• Production slows dramatically when stacks of randomly organized portable hard drives,tapes or camera cards are spread all over the office. If you can’t find everything you need for a job, how can you do the job? Worst of all, you may lose the data. The solution is simple: Store all your drives, tapes, and cards in an orderly manner.
  • Labeling.
    • It’s essential that everyone on your team knows the house rules for correctly labeling projects, documents, and images. Chaos rules where there is no protocol for naming these files. Establishing the rules is very easy to do but you have to declare it. Somebody has to be in charge to say, “No, that’s not the way we do things here at our company. Label it this way.”
  • General orderliness.
    • What happens when creatives can’t find what they need or understand simple office procedures? They spend more time hunting and pecking rather than doing their jobs. This is a workflow disaster and it flusters everyone. Those who work for you need to know where to find the scissors, post-it notes, and more. They also need to understand the basics of running your copier, the coffee maker, and other office machines.
  • Limit access.
    • As companies grow, there comes a time when everyone shouldn’t have access to everything. A small company may open its database to all employees. But as it grows, the same company is likely to develop a more security-minded approach to access. The day comes when one department probably doesn’t need access to files in another department. New rules lower the potential for difficult, confusing, and costly situations.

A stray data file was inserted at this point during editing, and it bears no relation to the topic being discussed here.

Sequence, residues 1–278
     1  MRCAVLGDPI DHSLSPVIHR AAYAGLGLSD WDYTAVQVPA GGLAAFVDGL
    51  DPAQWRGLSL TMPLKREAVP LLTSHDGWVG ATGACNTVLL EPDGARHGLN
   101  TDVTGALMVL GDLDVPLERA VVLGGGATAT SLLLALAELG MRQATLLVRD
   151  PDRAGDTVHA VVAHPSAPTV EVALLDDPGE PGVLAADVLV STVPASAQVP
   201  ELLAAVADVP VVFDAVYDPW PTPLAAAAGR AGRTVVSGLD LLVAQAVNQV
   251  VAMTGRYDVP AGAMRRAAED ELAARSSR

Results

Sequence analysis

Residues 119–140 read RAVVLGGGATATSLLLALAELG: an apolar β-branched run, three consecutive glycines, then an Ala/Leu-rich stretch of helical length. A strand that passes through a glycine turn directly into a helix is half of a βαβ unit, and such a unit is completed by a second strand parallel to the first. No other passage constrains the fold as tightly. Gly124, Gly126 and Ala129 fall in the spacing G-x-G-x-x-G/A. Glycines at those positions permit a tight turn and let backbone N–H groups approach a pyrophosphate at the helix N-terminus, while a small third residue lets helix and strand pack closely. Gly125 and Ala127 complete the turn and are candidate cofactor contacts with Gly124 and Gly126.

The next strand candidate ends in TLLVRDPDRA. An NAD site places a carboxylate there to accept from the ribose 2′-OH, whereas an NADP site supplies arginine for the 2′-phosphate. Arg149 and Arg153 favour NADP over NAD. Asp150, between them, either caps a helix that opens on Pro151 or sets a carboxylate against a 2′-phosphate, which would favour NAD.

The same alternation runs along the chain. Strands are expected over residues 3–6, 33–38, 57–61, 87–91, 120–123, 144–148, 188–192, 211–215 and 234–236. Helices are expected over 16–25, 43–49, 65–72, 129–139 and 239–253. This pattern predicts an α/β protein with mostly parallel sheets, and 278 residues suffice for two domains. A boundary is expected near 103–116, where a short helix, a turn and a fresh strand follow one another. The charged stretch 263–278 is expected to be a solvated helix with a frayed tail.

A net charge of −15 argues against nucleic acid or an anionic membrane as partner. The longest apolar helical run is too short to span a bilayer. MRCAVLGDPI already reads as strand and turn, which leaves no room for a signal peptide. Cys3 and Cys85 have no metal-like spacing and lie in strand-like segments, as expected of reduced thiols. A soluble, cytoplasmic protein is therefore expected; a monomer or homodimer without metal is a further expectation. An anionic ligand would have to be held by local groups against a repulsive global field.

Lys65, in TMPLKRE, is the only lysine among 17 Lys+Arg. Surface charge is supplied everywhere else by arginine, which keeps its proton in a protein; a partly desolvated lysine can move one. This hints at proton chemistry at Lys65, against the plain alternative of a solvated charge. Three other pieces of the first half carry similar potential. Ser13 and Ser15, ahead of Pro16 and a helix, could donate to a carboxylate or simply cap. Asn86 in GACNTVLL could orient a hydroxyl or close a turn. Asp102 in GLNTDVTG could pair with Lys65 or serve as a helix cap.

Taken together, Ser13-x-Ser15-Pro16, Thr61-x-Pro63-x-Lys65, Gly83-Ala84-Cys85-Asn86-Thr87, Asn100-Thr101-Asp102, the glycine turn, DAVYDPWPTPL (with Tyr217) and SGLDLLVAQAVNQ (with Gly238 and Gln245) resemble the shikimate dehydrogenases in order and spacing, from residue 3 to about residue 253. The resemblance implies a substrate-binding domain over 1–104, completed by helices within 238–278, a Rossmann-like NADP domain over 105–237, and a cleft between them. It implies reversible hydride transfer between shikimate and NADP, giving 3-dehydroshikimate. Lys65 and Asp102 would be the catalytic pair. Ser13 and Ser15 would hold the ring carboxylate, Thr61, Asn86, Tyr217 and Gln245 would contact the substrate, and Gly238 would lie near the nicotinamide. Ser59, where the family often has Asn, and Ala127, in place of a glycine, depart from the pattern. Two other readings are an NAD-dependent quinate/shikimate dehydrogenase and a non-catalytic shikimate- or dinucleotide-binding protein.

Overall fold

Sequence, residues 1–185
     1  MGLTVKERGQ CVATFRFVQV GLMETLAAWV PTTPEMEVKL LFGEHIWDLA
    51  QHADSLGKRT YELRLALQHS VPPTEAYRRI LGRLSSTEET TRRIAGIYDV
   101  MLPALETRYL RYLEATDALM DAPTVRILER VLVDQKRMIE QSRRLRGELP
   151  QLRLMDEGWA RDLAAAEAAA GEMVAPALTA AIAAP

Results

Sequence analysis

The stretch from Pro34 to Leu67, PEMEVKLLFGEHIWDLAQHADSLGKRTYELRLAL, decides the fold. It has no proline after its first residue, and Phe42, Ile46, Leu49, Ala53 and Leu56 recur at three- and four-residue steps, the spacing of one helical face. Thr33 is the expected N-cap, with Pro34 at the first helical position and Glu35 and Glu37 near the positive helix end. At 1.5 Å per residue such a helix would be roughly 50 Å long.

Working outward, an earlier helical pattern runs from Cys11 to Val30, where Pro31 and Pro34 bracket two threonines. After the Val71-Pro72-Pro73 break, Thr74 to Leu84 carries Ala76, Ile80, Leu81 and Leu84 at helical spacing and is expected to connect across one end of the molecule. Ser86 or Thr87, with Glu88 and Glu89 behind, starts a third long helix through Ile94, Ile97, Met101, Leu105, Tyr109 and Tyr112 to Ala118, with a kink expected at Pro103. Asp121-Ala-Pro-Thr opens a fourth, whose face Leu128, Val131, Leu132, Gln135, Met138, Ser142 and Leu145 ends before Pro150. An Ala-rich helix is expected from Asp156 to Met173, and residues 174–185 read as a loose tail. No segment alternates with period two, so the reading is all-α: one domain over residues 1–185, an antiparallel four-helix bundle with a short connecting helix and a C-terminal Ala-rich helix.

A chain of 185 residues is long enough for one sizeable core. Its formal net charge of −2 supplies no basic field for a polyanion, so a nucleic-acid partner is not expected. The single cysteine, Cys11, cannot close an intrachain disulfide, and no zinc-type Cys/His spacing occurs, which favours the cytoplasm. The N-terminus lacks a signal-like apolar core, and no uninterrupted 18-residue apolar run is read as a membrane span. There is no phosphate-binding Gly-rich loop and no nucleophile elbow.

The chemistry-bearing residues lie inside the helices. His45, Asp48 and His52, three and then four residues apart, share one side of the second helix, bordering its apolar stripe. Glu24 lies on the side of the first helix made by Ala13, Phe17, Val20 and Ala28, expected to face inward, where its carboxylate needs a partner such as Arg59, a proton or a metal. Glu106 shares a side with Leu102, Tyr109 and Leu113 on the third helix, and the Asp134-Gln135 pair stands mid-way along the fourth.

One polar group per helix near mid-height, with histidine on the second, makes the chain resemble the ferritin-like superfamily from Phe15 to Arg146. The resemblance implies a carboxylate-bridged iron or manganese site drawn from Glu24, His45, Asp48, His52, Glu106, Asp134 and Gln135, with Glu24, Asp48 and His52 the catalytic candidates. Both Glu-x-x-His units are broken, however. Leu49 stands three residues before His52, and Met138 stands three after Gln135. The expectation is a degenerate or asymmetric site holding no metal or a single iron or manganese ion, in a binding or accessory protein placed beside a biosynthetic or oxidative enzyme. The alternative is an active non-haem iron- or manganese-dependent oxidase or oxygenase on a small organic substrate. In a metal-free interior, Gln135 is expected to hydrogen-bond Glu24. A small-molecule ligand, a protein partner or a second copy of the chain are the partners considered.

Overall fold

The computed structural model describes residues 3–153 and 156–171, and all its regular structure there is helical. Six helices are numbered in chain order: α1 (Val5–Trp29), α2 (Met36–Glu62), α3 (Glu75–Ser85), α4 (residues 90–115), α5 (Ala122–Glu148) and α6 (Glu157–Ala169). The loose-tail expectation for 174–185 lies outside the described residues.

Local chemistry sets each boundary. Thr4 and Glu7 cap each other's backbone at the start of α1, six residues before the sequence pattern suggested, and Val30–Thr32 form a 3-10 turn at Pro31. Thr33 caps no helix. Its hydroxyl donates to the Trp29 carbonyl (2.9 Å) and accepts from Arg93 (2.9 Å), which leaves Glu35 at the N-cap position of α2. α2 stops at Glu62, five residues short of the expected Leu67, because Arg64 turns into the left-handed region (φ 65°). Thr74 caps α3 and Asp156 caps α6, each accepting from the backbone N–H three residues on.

• Archival material.
    • In a shared-storage environment, an archive keeps assets safe and the workflow moving. When you archive data, you are freeing space for your current work while protecting your older assets. Create a logical and easy labeling system for archived items. Files may spend years in the archive until needed by you—or your successor.
  • A bad process.
    • There’s no protection against a bad process. You can only get away with a poorly organized system for so long before Murphy’s Law is invoked. “What can go wrong, will go wrong.” That’s a really bad day. Only preventative steps, such as those made in the points above, can help tilt the odds in your favor.

A Guide

In this section, I will outline the “Foundation of a Successful Media Workflow.” It’s got a few parts to it. The first one is getting organized. Do this by making sure you know three things:

 what your media organization structure is,

• what your project organization structure is,

• what your storage organization structure is.

Organizing leads to questions. Where can you put stuff so you can find it quickly and easily? How are you going to protect media, a critical piece of this? For protection, use a backup tape, backup to other drives or nearline storage. Whatever the backup is, it is part of your workflow process. How are you protected? Are you protected during ingest, when the project is just beginning? Or will it be at the end, when you need to store your project to protect it? How are you going to do this?

 

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To learn more about how to create a workflow your team will use check out parts 2 and 3 of the series: